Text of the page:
As pupils in the US head back to school this month, they might notice something different about their libraries: more books have been banned and reading restrictions have increased.
Earlier this year, a Tennessee school district stirred controversy after banning Maus, a Pulitzer Prize-winning graphic novel that tackles the horrors of the Holocaust — though a Texas school district reversed a decision this week to ban Anne Frank's Diary: The Graphic Adaptation from Israeli filmmaker Ari Folman after international criticism.
The scope of school book and library policing in a country that positions itself as a beacon of free speech is “wildly unprecedented”, said Patrick Sweeney, political director of EveryLibrary, a non-profit organisation and the only political action committee for libraries in the US.
From Pennsylvania to Florida and Arizona, a number of districts in almost half of US states have presented bills that codify forms of book-banning. In the past two years, six states have passed laws that mandate parental involvement in reviewing books, with five more considering similar policies.
And “thousands” of books could be affected, EveryLibrary reported.
“There's never been anything like this before,” Mr Sweeney told The National.
“There have been have been occasional attempts to legislate book-banning and codify book-banning into law to regulate what Americans are allowed to access, but nothing that's this orchestrated.”
Many of the state and local bills aim to create strict requirements regarding the materials that are allowed in classrooms or school libraries, and have required districts to post instructional materials online so that parents know how to submit objections to content.
In Tennessee, for example, a new law gives a politically appointed commission authority to issue blanket bans on books and also gives the state's textbook commission the task of creating an appeals process for challenged books if a pupil, family member or school employee disagrees with a decision made by a local board.
Tennessee teacher Sydney Rawls went viral on TikTok recently when she described the impact the law has on teachers and school libraries, as she catalogued the hundreds of books she keeps in her classroom.
She described the frustrating reality of having to tell pupils they are not allowed to read books until she has completed logging and submitting all of her classroom reading options for approval.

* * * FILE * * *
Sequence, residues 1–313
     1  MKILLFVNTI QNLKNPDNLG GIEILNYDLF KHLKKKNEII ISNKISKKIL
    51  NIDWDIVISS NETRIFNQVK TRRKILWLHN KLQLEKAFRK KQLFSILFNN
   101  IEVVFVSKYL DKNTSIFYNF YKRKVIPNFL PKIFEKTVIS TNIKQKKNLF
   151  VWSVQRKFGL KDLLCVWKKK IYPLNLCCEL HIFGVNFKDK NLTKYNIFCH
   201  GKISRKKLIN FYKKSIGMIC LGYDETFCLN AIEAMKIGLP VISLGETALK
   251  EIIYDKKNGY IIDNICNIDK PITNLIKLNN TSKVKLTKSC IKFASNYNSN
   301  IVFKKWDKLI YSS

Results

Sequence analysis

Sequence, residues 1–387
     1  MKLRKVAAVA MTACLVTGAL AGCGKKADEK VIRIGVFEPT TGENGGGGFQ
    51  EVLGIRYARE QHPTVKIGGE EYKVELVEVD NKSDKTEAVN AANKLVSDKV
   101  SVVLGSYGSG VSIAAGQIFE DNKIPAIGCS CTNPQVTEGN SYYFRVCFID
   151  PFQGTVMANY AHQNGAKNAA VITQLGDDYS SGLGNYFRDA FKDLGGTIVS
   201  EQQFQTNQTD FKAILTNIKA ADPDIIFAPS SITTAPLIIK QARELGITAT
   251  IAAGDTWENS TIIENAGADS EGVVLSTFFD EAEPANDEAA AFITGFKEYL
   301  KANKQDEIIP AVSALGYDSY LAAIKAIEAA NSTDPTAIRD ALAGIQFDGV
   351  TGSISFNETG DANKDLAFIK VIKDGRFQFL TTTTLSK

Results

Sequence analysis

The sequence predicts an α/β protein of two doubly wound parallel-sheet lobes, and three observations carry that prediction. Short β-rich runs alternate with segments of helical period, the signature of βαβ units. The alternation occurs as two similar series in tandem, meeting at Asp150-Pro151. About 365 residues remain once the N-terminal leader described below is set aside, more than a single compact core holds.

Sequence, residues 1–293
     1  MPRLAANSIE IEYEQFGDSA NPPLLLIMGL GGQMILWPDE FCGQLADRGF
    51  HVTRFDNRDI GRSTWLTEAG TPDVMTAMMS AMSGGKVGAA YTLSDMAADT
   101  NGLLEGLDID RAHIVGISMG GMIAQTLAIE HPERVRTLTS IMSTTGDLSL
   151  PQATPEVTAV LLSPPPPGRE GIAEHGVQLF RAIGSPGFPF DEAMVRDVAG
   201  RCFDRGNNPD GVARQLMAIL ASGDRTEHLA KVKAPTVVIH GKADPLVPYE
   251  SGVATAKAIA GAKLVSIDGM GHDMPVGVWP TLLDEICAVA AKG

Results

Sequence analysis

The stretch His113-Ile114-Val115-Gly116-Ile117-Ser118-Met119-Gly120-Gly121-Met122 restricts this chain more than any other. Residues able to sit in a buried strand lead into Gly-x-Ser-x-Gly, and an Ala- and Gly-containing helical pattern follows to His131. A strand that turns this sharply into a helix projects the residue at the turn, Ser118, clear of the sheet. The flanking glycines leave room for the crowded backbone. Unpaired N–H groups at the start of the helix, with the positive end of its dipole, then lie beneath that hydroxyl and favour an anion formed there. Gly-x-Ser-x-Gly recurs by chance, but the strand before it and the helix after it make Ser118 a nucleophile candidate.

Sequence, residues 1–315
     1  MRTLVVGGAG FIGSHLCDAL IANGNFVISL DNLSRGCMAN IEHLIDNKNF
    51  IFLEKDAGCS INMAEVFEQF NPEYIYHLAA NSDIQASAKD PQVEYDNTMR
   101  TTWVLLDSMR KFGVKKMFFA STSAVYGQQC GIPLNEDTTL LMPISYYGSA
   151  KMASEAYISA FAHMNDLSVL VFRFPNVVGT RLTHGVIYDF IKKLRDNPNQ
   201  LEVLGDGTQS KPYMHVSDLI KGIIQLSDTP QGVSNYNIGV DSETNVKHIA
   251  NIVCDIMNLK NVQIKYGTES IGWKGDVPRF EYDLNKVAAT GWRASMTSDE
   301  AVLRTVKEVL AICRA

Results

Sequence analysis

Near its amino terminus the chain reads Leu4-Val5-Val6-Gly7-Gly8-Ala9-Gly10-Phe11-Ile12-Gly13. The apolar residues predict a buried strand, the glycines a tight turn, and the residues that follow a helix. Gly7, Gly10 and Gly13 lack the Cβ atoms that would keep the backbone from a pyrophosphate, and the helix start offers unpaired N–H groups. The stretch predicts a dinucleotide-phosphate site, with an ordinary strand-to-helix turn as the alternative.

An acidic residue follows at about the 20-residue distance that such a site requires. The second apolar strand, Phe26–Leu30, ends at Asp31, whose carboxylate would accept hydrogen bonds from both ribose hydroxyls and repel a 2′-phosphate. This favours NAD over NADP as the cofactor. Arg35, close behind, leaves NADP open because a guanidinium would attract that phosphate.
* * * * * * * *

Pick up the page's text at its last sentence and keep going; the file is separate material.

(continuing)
“The kids want to read books,” she said. “The kids in here are asking me, 'can I go get a book and read', and they're so excited. And I have to say, 'no, you can't because I haven't had the chance to go through … to catalogue them'.”
More than 1,100 kilometres away, Florida science teacher Emily Jones empathised with Ms Rawls. New legislation in her state, pushed by far-right Governor Ron DeSantis to “combat wokeness” in the classroom, requires school districts to have all reading and instructional materials reviewed by a district employee with a “valid educational media specialist certificate”.
“There's constantly books being presented to the school board to be banned. They haven't officially banned any yet, but there's constant scrutiny,” Ms Jones told The National.
“We have to be very cautious about what we have on our personal bookshelves. That's probably the more stressful part for a classroom teacher. I can't imagine how language arts teachers feel.”
A majority of the top 10 most challenged books in the past year have been “sexually explicit”, have concerned LGBTQ issues or have been written by authors of colour, the American Library Association reported. Among those considered “sexually explicit” for example, is Toni Morrison's classic The Bluest Eye, which grapples with the trauma of racism and childhood abuse.
A sponsor of the Tennessee legislation, state senator Jack Johnson, said his bill was passed with support from legislators, parents and community leaders.
“As a former teacher myself, I kind of like the idea that it provides a degree of protection for that teacher,” Mr Johnson recently told local media. “Those materials that are in the classroom have been made publicly available and parents and other stakeholders can see what is in the classroom.”
There is evidence that the impact of some of these policies is seeping into even basic reading materials. A Florida district drew national attention this week after it rejected a donation of dictionaries to its library because of a new book-freeze policy enacted to comply with the DeSantis law.
School officials told local news in Florida that this is because the law requires all reading material in schools — donated or purchased — be “selected” by a certified education media specialist. The district does not currently have any of these specialists working in its schools.
For Mr Sweeney, the laws do nothing to enhance parents' ability to make decisions about age-appropriate books for their children because those systems are already in place.
“Not a lot of Americans knew that they always had control over what their children checked out from school, their public library,” he said.
“I started as an elementary school librarian. At any time, parents could come in and tell me what they felt was appropriate for their child and not appropriate for their child.
“We're seeing public outcry about something that there's already been a solution for.”